Coastal Engineering - Amphibious Housing

The Great Flood of 1993

Credits: LandSat Observatory Team
 The Great Flood of 1993 happened within the lifetime of most people living today and is regarded as one of the most overwhelming natural disasters in United States history.  The flood occured throughout 200 days during the summer of 1993 as a result of above average rainfall throughout much of the midwest.  Some counties experienced 30" of rainfall in one month and other areas received 10 inches of rain in as little as 4 hours.  The rainfall amounts were between 250-300% of normal levels which led to record-breaking crest heights along many rivers. 

During the course of the flood, 150 rivers flooded and 92 locations throughout the region set record crest levels.  One of these was the Mississippi River in St. Louis, MO which peaked at 49.47 ft.  Over 1,000 levees failed while 400,000 square miles were affected and 50 people perished
.  Upwards of 50,000 homes were destroyed amidst a damage total of $15 billion.

Potential Application: Amphibious Houses

The hypothetical situation considered in this report is the following: How would the damage to residential homes have been different if amphibious homes with floating foundations would have been implemented?  Using flood data from 29 locations throughout the flooded area, the potential cost-savings for three different design scenarios were calculated. 

When considering this case, a few asuumptions were made.  Firstly, it was assumed that 50,000 homes were flooded and that a full loss of value was epxerienced for each home.  Using data of past homes, it was determined that the average cost for a home in 1993 was $113,200.  Adjusted for inflation to 2008 dollars, this is $166,634.  Another assumption was that the number of homes destroyed throughout  the 29 locations was directly related to their population, meaning that a city with twice the population of another would have twice as many homes destroyed.  This approach placed the majority of destroyed homes in two major cities: St Louis and Kansas City, MO.  However, all 29 locations were still considered during calculations.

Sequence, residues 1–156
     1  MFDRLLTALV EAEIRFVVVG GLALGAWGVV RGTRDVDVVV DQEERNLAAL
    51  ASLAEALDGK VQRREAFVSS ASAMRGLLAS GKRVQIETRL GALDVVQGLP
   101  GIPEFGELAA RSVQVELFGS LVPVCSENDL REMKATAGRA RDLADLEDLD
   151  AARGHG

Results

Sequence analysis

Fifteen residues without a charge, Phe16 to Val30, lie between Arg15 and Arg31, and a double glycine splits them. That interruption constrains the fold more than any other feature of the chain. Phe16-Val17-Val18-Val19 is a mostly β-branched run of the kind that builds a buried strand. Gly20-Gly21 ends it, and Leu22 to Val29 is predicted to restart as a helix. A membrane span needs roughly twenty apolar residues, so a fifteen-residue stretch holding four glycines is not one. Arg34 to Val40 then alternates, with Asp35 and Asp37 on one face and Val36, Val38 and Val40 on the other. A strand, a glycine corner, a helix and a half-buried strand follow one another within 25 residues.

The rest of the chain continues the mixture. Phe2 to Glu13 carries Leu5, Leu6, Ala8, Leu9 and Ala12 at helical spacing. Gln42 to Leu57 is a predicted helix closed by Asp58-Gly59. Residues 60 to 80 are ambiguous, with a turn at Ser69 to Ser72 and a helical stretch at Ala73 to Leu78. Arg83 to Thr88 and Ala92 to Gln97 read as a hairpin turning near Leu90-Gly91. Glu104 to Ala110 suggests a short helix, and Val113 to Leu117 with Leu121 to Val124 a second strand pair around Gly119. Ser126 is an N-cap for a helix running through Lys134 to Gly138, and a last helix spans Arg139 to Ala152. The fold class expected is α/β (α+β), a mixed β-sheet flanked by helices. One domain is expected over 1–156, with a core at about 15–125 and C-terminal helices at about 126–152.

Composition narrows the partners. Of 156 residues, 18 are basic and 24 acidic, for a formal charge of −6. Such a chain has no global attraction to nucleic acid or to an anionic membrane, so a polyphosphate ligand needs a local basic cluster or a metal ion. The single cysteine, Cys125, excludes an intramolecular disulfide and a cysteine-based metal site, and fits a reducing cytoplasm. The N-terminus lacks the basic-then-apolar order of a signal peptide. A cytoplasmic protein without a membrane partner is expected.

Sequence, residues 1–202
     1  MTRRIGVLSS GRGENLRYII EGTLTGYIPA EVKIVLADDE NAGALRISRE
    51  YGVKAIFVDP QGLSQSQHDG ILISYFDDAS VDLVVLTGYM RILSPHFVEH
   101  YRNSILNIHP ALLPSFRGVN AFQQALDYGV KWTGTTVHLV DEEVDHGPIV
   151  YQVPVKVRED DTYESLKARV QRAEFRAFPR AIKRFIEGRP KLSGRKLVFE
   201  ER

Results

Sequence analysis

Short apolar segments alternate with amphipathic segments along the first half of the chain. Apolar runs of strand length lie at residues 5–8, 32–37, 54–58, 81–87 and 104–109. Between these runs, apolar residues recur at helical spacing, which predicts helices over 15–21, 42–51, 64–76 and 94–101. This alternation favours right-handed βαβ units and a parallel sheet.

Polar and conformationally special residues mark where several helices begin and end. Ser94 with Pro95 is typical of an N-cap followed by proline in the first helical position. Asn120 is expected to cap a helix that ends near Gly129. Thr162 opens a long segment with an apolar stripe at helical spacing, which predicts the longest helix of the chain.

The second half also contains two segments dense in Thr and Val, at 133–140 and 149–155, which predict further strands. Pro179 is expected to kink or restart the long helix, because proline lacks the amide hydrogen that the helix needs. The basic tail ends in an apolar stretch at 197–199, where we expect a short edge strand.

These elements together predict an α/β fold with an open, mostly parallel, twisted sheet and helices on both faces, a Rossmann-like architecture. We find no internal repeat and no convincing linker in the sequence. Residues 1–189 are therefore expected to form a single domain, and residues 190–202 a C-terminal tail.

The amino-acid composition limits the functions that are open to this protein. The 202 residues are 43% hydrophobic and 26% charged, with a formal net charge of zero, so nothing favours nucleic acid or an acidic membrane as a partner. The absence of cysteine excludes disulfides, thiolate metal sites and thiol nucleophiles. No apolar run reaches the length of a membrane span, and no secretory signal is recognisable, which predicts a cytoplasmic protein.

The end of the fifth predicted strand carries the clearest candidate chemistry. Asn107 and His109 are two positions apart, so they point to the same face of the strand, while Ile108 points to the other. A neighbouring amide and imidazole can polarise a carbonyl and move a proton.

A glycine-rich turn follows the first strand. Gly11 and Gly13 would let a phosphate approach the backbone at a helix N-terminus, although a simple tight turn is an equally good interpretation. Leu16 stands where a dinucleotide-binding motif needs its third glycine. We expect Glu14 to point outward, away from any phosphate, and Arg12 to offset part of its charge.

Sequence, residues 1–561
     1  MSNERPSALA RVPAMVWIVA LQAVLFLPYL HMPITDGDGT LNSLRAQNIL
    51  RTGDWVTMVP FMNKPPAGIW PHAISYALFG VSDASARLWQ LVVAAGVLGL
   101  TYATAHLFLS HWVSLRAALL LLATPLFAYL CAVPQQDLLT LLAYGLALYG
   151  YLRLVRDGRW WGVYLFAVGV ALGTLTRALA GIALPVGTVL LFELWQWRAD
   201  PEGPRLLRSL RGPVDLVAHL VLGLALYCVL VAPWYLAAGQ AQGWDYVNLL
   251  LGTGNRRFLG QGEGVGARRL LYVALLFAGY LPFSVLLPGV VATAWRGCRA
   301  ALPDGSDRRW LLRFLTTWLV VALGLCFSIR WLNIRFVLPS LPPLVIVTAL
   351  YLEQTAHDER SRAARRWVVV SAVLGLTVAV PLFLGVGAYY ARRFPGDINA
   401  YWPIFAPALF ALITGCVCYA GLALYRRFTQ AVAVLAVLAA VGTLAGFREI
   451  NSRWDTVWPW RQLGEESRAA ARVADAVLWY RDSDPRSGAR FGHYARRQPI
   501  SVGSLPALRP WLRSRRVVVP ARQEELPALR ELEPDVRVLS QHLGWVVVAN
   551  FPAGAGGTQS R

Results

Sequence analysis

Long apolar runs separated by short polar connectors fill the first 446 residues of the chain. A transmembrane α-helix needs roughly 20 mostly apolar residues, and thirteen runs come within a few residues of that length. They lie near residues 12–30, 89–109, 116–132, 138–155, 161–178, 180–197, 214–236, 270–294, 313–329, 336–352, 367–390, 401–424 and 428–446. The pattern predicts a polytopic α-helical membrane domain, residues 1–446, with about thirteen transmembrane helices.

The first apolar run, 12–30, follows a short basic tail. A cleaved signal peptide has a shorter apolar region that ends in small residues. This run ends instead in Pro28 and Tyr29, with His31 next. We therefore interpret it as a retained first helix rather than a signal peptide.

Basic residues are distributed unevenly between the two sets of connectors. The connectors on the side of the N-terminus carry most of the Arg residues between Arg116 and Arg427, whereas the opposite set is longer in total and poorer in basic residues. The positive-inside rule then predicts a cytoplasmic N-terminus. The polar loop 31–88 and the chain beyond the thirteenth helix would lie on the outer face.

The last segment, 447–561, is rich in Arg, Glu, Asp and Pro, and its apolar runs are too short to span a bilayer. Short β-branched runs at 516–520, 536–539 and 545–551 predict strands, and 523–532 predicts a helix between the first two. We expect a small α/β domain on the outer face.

Cost Savings Analysis: Results

 Although the numbers used are approximations, the cases show that in order to mitigate damages during large flood events an 18 ft or higher floating foundation would be advisable.  If structurally and economically feasible, a 25 ft float would provide the most cost savings in a flood event.
  •  Case 1: 50% homes with 10 ft float
  • 143 homes saved; $23 million in cost savings
  • Case 2: 50% with 18 ft float
  • 11,557 homes saved; $1,926 million in cost savings
  • Case 3: 50% with 25 ft float
  • 25,000 homes saved; $4,166 million in cost savings
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